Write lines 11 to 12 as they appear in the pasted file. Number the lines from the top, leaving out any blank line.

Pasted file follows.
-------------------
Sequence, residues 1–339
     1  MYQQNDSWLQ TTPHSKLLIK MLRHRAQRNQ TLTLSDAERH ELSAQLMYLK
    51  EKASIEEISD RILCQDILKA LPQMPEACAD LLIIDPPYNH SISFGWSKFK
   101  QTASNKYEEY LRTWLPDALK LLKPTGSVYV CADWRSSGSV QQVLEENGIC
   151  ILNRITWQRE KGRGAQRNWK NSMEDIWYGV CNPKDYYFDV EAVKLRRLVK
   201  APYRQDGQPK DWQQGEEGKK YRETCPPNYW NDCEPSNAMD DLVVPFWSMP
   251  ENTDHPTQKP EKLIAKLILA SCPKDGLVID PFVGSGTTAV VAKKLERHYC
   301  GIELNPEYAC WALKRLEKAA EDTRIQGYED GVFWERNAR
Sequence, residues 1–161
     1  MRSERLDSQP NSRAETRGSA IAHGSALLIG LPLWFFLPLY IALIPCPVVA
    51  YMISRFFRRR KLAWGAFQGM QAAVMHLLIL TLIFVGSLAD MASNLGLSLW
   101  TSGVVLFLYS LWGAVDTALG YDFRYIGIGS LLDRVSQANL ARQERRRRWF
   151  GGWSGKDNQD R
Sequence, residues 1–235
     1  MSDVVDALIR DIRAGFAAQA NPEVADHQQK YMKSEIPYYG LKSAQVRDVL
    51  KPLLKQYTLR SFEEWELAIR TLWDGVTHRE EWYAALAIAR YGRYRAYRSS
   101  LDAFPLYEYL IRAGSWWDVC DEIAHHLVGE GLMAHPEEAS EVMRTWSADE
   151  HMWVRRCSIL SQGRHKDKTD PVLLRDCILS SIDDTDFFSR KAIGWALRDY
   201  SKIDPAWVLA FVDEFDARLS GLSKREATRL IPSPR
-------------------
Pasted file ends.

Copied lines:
    51  YMISRFFRRR KLAWGAFQGM QAAVMHLLIL TLIFVGSLAD MASNLGLSLW
   101  TSGVVLFLYS LWGAVDTALG YDFRYIGIGS LLDRVSQANL ARQERRRRWF